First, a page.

He noted that the first tranche of funds, amounting to 500 million euros, had already been received by Ukraine’s central bank. The remainder was expected to arrive on August 2, Shmygal added.


First Ukraine grain ship to anchor off Istanbul on Tuesday

Turkey’s Defence Minister Hulusi Akar stated the first ship carrying grain to leave Ukraine under a safe passage agreement will anchor off the coast of Istanbul around 12:00 GMT on Tuesday for a joint inspection.

As part of the grain deal, a Joint Coordination Centre was set up in Istanbul with personnel from the United Nations, Russia, Ukraine and Turkey.


Kyiv hails Odesa grain shipment as ‘relief for the world’

Ukraine’s foreign minister has hailed the departure of the first shipment of grain from Odesa’s port since the start of Russia’s invasion in late February as a “relief for the world”.

“The day of relief for the world, especially for our friends in the Middle East, Asia, and Africa, as the first Ukrainian grain leaves Odesa after months of Russian blockade. Ukraine has always been a reliable partner and will remain one should Russia respect its part of the deal,” Dmytro Kuleba tweeted.

Ukraine is a major supplier of grain for the global market, but fighting in the country has prevented the foodstuff from safely leaving the country’s ports since Moscow launched its offensive.


Russia claims it has destroyed HIMARS, Harpoon systems in Ukraine

Russia’s defence ministry announced its forces have destroyed two United States-made HIMARS rocket systems in Ukraine’s northeastern Kharkiv region, and a launch system for Harpoon anti-ship missiles in the southwestern Odesa region, according to a report by the country’s Interfax news agency.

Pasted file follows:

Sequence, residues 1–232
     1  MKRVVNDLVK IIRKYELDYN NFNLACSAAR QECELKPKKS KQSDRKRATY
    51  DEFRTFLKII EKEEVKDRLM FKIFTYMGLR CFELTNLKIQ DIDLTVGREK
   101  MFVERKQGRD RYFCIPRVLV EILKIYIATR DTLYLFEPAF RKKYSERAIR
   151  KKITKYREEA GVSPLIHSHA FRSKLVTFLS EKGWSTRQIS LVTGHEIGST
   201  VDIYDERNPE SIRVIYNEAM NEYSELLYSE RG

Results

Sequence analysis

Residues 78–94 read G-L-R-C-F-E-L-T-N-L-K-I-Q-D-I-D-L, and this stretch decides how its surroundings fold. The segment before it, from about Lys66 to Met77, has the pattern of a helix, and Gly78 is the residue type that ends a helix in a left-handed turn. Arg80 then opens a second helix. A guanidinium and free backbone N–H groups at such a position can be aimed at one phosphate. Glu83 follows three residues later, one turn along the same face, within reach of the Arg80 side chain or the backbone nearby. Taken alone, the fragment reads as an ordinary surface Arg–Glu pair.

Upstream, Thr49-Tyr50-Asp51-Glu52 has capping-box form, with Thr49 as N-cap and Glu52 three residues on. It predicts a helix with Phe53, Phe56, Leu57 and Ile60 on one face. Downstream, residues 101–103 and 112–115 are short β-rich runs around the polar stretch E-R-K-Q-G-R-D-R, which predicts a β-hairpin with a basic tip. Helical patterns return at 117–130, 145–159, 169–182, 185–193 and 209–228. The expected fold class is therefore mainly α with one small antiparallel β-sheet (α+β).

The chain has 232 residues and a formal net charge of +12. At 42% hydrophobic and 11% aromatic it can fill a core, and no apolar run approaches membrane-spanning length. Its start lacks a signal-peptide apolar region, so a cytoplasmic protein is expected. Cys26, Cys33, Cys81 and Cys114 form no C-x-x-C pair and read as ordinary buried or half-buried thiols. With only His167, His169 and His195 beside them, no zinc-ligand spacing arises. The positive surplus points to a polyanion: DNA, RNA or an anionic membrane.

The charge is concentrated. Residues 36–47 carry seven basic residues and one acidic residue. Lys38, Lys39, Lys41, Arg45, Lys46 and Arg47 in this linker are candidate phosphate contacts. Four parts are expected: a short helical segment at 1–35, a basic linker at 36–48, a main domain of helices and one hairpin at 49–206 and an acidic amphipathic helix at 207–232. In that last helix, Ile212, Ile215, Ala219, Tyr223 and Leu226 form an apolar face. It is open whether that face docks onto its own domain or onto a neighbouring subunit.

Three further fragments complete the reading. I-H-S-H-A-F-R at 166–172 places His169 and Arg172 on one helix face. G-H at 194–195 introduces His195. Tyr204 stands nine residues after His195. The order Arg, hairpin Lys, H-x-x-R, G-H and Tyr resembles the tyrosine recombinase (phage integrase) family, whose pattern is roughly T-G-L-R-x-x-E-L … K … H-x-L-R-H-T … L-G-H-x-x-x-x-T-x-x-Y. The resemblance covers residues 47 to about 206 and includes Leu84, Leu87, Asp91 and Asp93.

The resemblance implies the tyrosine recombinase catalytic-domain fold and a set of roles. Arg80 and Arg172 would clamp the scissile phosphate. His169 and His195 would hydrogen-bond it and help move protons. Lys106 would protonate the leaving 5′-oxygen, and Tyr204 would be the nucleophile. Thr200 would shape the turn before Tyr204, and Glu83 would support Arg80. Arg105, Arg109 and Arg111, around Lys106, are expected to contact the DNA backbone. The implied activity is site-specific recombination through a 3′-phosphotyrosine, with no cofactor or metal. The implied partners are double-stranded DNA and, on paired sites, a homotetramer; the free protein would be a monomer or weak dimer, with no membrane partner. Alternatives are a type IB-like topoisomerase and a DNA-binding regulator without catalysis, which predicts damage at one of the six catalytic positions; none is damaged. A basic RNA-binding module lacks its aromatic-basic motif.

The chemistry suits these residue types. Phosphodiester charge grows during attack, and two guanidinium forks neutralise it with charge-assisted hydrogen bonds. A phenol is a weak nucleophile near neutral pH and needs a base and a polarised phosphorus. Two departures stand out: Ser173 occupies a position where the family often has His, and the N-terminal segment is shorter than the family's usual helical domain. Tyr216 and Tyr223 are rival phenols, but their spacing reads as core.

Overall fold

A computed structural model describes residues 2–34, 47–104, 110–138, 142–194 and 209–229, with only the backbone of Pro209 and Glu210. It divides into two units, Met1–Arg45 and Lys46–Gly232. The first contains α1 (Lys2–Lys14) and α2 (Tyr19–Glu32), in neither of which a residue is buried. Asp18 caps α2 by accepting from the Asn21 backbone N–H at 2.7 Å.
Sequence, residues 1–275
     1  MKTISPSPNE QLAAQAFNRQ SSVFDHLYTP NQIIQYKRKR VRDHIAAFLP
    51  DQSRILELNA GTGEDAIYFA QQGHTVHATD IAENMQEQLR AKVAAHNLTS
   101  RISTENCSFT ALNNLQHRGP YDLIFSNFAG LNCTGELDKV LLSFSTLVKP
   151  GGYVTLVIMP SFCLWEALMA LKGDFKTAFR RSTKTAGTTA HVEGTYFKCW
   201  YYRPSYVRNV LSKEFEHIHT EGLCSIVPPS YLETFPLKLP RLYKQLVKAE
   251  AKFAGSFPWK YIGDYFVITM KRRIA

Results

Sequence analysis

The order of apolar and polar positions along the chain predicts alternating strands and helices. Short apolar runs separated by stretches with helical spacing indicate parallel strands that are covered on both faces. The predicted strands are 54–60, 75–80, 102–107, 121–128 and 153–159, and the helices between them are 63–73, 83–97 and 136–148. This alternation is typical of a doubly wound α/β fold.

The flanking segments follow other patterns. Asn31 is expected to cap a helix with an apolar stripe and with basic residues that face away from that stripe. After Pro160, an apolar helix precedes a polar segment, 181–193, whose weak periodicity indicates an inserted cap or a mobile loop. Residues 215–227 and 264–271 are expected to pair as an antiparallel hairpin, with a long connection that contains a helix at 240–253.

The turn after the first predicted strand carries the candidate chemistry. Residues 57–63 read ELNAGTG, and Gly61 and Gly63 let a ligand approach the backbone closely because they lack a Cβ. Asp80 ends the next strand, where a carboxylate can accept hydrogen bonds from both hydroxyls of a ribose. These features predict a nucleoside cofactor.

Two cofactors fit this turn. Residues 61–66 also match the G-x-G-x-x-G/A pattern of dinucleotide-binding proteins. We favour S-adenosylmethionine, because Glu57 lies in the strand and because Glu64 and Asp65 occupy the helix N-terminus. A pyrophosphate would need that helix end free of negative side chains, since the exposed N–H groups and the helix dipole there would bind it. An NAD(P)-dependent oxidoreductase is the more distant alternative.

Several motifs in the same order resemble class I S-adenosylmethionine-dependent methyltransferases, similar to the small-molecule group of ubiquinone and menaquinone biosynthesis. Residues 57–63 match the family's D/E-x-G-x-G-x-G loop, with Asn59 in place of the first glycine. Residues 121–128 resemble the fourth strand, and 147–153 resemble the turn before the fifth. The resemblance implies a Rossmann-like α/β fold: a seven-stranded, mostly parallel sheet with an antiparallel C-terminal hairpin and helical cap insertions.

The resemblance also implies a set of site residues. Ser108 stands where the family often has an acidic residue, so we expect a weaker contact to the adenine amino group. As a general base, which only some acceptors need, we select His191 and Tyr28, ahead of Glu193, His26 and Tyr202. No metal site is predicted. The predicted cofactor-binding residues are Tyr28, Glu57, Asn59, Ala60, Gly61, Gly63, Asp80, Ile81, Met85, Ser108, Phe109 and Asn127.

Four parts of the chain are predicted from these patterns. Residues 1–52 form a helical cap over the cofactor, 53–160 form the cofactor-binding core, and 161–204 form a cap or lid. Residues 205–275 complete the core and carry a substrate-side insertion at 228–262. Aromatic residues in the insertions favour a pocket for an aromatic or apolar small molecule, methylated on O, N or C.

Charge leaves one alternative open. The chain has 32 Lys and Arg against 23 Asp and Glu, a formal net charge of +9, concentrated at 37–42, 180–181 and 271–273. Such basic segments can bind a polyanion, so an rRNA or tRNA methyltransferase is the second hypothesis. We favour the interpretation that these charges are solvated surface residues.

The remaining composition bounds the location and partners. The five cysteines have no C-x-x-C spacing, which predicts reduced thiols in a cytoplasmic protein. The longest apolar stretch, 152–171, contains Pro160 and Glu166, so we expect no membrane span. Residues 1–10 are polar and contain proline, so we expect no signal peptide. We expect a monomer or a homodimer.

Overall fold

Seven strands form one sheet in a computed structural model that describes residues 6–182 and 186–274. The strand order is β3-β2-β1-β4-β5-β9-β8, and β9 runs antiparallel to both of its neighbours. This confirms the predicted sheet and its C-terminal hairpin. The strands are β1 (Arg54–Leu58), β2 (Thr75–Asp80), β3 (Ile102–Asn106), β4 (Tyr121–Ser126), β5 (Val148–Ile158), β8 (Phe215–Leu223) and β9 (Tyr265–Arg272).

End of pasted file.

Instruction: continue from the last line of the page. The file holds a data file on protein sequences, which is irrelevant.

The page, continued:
There was no immediate comment from Ukraine on the Russian defence ministry’s latest claim.

Kyiv has hailed the HIMARS systems as a possible game changer for the course of the war. The advanced weapons are more precise and offer a longer range than other artillery systems, allowing Ukraine’s forces to strike Russian targets and weapons depots further behind the front lines.


Kremlin welcomes first grain shipment from Odesa as ‘positive’ news

The Kremlin has welcomed news of the first shipment of grain from Odesa as “very positive” news.

“As for the departure of the first ship, this is very positive. A good opportunity to test the effectiveness of the mechanisms that were agreed during talks in Istanbul,” Kremlin spokesman Dmitry Peskov told reporters, citing the deal reached by Russia and Ukraine last month on resuming exports from the latter’s Black Sea ports.

“Let’s hope that all the agreements will be implemented from all sides, and that the mechanism will work effectively,” he continued.


First ship carrying Ukrainian grain leaves Odesa port

Turkey’s defence ministry says the first ship carrying Ukrainian grain has set off from the port of Odesa.

The Sierra Leone-flagged cargo ship, Razoni left the port of Odesa for Lebanon, the ministry said. A statement from the United Nations said the Razoni is carrying over 26,000 tons of maize.

Data from the Razoni’s Automatic Identification System, a safety tracker for ships at sea, showed the vessel slowly coming out from its berth at Odesa port Monday morning alongside a tug boat.

The ship is expected to reach Istanbul on Tuesday, where it will be inspected, before being allowed to proceed, the ministry added.